21. Syndromic Surveillance Architecture • Key components of the architecture • “Relational Database” to store and provide access to syndromic data • “Analytic Engine” to detect anomalies within the data set that might be indicative of an outbreak • “Alerts” to provide warnings and meaningful information to appropriate personnel • Capable of accepting real-time and batched data 24/7 • Low tolerance for downtime • Adheres to federal and state Privacy and Security mandates • Capable of presenting reports in various ways (graphics, text, trends over time, geo-spatial, etc)

  22. Syndromic Surveillance Architecture R E F O R M A T Analytics HL7 Hospital Alert Reformat ebXML Lab Data Warehouse Report document ASCII TEXT Email, Fax Web P A R S E Web form entry Verbal User Privacy / Security High Availability

  23. Data Integration • EDI Gateway and Listener Nodes to accept data from disparate sources and formats, in real-time and batch • EDI Server to reformat message into a format acceptable by backend systems • HL7 Integration Engine specific for accepting, reformatting, parsing, routing, applying rules to HL7 transactions R E F O R M A T Analytics HL7 Hospital Alert Reformat XML Lab Data Warehouse Report TEXT document Web P A R S E Verbal User Privacy / Security High Availability

  24. Industry Warehouse Studio for Healthcare & IQ • DB schema for financial, administrative and clinical data • Optimized for analytics • Sybase IQ, highly scalable analytic engine • Supports ad hoc, user generated reports R E F O R M A T Analytics HL7 Hospital Alert Reformat XML Lab Data Warehouse Report TEXT document Web P A R S E Verbal User Privacy / Security High Availability

  25. Data Integration & SQL Anywhere Studio • Automate the generation of alarms, reports, etc depending upon preset conditions • Reports appropriately formatted and sent to various devices (PDA, cell phone) • Business Activity Monitoring to measure message movement throughout extended business processes & provide statistical calculations and reports • Scalable, bi-directional synchronization of information between the enterprise and remote systems, supports occasionally connected and near-real time connectivity • Server initiated synchronization delivers timely alerts to remote devices R E F O R M A T Analytics HL7 Hospital Alert Reformat XML Lab Data Warehouse Report TEXT document Web P A R S E Verbal User Privacy / Security High Availability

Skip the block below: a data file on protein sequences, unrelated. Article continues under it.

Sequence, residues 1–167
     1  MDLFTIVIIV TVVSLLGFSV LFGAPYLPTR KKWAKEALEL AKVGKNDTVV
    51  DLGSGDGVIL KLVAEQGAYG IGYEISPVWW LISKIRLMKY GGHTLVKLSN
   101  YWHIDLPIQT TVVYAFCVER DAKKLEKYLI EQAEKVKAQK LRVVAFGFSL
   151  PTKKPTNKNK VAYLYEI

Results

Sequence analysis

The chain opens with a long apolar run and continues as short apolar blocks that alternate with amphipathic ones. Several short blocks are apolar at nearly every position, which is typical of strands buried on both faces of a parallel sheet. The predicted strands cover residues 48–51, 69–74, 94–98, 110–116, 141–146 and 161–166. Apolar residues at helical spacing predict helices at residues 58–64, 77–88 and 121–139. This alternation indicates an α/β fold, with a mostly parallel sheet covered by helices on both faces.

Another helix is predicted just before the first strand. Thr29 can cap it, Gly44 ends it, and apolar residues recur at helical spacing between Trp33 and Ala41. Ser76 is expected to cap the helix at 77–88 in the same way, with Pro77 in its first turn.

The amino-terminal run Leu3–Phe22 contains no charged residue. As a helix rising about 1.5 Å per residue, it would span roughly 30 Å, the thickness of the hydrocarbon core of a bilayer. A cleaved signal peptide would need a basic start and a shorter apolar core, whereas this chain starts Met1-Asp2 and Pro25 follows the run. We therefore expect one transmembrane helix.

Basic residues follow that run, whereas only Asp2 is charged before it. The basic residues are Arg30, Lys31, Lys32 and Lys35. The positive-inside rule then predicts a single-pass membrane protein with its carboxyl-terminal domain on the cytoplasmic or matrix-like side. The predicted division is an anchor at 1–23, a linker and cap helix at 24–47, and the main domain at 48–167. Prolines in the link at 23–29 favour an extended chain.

26. R E F O R M A T Analytics HL7 Hospital Alert Reformat XML Lab Data Warehouse Report TEXT document Web P A R S E Verbal User Privacy / Security High Availability • Sybase Replication Server, Open Switch & Web Service Integration Suite • Robust set of solutions to protect data at rest and data in motion & provide a high availability solution • Web Services supports digital signatures, authentication, authorization, encryption, non-repudiation • Rep Server provides continuous operation despite hardware and/or software failures with guaranteed delivery of data • Open Switch provides a customizable mechanism for coordination of fail over events, ensures all transactions have been committed prior to migrating to warm stand-by and transparently switches to fail over server without disturbing the client

  27. Sybase Syndromic Surveillance Architecture • Sybase’s Value Proposition: • Sybase supplies all the components needed to develop a robust syndromic surveillance architecture • Can be built in stages, supporting increasing functionality and users over time • Single vendor with strong commitment to and understanding of the healthcare industry provides interoperable components to ensure faster delivery of solution